Much is being made in the media about NJ ranking #1 in percentage of people moving out vs percentage of people moving in. See News12, NJ Business Magazine, and USA Today. Journalists are citing the 2018 National Movers Study. The data comes from United Van Lines, the nation’s largest household goods mover, according to their press release.
Topping the list of outbound moves sounds like people are fleeing the state. The actual difference between outbound and inbound moves is 1,488 households. We do not know family size, though we can assume that the total number is 3,000 or more. In a state of 9 million people, the net loss of a few thousand households is a small percentage.
The same study showed New York experienced a net loss of 1,784 household units. Connecticut, a small state, was down 830; Massachusetts -567; Michigan -508. Illinois and California had a greater exodus. Then again, like New York, those are much more populous states than NJ.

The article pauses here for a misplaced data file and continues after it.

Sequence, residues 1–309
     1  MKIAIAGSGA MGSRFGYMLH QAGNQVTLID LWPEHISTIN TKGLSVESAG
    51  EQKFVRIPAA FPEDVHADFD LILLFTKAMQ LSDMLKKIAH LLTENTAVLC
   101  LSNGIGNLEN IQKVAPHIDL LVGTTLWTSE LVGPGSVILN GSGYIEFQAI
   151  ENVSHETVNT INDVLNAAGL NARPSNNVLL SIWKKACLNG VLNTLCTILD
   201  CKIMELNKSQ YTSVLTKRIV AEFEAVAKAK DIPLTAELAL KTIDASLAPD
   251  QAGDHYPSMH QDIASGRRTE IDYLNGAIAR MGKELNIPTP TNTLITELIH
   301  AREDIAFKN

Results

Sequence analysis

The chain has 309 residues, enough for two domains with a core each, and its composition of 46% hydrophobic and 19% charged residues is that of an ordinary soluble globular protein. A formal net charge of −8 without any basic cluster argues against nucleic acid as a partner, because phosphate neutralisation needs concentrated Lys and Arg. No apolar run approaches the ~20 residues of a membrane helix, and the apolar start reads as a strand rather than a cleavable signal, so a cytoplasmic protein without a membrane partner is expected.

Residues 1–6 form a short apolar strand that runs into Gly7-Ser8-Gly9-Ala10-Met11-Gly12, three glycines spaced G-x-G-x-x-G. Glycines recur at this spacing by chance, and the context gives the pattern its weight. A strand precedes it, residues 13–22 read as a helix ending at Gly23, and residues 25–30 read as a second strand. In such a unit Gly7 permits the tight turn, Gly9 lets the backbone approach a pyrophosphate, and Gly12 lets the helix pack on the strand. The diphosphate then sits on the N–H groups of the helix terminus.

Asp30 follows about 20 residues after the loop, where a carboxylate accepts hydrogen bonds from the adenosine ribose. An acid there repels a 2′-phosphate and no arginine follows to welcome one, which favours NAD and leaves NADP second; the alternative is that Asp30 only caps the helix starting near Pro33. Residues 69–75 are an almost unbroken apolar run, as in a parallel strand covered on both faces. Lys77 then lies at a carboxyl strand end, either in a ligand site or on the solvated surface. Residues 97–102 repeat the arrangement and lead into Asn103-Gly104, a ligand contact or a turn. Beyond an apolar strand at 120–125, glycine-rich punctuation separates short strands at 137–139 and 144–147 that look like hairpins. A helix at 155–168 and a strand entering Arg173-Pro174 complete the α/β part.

To provide a sense of perspective, MCEDC plotted the household shipments in and outbound in states with a similar population to New Jersey.
Household Shipments in Similar Sized States
Virginia differs in population from NJ by half-a-million. United Van Lines had more than twice the number of moves, ~10,000. New Jersey’s moving traffic was more like Michigan (pop. 10K), roughly 4,500 moves. North Carolina and Georgia are slightly saw many more moves.
The National Movers Study is correct in its calculation of percent loss vs gain in the relatively small number of moves that NJ experienced. However, the United Van Line’s press release stating “more residents move out of New Jersey than any other state in 2018”, is misleading.
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